Nor is it so remarkable that our greatest joy should come when we are motivated by concern for others. But that is not all. We find that not only do altruistic actions bring about happiness but they also lessen our experience of suffering. Here I am not suggesting that the individual whose actions are motivated by the wish to bring others' happiness necessarily meets with less misfortune than the one who does not. Sickness, old age, mishaps of one sort or another are the same for us all. But the sufferings which undermine our internal peace- anxiety, doubt, disappointment- these things are definitely less. In our concern for others, we worry less about ourselves. When we worry less about ourselves an experience of our own suffering is less intense.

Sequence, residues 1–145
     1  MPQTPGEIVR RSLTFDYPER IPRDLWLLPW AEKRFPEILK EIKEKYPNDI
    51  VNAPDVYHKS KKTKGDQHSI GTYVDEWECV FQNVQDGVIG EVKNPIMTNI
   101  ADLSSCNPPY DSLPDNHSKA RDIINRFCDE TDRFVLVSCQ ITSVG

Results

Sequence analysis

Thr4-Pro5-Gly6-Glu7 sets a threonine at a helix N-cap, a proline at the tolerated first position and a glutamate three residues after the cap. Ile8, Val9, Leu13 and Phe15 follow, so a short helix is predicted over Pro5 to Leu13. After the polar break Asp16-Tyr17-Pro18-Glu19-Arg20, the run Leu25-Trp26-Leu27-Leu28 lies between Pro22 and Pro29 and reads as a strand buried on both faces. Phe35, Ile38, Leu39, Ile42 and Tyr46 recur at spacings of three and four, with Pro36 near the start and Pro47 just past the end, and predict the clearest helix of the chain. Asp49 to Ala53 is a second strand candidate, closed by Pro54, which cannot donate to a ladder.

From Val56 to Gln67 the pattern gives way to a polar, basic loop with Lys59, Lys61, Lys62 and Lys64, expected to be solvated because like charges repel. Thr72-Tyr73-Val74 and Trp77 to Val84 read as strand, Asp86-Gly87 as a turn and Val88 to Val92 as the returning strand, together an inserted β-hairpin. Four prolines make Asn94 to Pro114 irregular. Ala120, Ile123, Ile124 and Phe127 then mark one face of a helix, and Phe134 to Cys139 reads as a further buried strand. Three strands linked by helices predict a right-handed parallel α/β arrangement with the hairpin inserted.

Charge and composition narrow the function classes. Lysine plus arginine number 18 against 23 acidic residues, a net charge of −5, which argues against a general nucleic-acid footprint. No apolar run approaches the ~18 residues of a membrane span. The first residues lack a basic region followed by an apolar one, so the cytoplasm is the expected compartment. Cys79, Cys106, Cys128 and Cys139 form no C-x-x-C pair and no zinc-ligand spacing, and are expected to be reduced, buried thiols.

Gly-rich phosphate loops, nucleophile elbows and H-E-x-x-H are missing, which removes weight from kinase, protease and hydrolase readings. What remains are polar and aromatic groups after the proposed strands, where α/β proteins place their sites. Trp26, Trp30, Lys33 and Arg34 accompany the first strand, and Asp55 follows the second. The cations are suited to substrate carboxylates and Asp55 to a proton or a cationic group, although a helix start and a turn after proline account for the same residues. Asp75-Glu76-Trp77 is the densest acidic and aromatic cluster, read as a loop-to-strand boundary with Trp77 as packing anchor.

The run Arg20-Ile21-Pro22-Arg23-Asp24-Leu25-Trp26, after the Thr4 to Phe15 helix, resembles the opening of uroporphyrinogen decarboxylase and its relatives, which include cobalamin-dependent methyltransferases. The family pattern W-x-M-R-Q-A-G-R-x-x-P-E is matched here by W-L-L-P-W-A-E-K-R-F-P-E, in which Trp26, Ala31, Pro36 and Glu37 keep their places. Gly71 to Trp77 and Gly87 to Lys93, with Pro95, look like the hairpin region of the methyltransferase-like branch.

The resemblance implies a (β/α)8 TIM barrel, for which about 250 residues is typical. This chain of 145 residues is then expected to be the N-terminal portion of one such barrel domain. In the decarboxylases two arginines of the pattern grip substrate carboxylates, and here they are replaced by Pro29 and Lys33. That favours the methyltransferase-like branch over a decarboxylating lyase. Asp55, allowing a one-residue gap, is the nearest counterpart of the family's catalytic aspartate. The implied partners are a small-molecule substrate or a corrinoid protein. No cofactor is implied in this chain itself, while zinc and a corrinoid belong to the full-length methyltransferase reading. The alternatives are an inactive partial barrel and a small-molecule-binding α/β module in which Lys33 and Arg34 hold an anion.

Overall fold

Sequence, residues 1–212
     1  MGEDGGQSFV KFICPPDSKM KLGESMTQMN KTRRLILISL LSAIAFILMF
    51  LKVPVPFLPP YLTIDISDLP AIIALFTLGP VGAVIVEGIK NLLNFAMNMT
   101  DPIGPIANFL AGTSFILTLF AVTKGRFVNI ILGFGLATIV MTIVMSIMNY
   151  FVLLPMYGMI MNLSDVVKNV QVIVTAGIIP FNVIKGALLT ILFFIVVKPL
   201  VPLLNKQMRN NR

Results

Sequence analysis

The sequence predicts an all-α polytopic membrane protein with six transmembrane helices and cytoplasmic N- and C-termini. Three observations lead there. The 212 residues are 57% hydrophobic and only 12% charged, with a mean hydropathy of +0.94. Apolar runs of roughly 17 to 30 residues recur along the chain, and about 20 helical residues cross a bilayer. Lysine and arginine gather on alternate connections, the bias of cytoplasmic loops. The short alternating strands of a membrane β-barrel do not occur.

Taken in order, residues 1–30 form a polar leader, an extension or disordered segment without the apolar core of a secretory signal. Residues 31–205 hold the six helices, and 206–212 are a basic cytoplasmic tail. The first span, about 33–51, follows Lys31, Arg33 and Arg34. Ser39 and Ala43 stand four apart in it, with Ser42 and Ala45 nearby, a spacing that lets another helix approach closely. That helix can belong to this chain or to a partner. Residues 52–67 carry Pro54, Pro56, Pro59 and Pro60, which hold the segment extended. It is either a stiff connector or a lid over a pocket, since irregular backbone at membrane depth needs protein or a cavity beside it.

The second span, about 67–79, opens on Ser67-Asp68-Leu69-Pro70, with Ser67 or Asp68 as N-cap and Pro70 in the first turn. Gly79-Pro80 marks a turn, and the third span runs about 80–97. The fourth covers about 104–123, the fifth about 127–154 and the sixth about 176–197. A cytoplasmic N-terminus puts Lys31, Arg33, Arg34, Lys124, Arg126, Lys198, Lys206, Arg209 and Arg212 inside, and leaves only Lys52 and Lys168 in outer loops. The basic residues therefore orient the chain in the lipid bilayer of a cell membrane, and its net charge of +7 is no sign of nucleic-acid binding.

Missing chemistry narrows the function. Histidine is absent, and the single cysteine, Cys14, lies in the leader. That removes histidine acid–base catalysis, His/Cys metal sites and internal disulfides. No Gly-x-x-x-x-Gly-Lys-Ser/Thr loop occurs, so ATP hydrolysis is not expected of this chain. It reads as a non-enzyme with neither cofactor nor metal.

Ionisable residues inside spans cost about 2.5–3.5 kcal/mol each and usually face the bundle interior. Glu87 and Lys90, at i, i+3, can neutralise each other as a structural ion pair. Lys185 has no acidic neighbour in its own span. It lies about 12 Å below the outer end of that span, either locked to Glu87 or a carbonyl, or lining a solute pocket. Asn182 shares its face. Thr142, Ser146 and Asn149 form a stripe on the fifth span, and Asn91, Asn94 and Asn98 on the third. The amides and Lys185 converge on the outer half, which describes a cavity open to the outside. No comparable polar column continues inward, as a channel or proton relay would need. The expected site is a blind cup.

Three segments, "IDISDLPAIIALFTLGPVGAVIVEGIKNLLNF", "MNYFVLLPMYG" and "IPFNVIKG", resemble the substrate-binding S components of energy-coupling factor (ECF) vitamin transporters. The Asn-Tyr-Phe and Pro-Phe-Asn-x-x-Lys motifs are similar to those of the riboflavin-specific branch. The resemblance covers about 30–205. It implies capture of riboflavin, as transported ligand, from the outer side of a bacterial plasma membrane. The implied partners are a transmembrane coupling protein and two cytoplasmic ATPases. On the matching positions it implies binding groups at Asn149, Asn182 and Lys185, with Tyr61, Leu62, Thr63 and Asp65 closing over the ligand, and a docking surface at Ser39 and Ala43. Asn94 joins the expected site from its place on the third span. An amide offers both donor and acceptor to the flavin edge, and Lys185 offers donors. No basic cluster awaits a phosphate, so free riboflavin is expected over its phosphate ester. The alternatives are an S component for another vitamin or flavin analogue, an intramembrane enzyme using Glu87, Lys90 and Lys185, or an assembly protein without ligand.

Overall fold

What does this tell us? Firstly, because our every action has a universal dimension, a potential impact on others' happiness, ethics are necessary as a means to ensure that we do not harm others. Secondly, it tells us that genuine happiness consists in those spiritual qualities of love, compassion, patience, tolerance and forgiveness and so on. For it is these which provide both for our happiness and others' happiness. A good motivation is what is needed: compassion without dogmatism, without complicated philosophy; just understanding that others are human brothers and sisters and respecting their human rights and dignities. That we humans can help each other is one of our unique human capacities"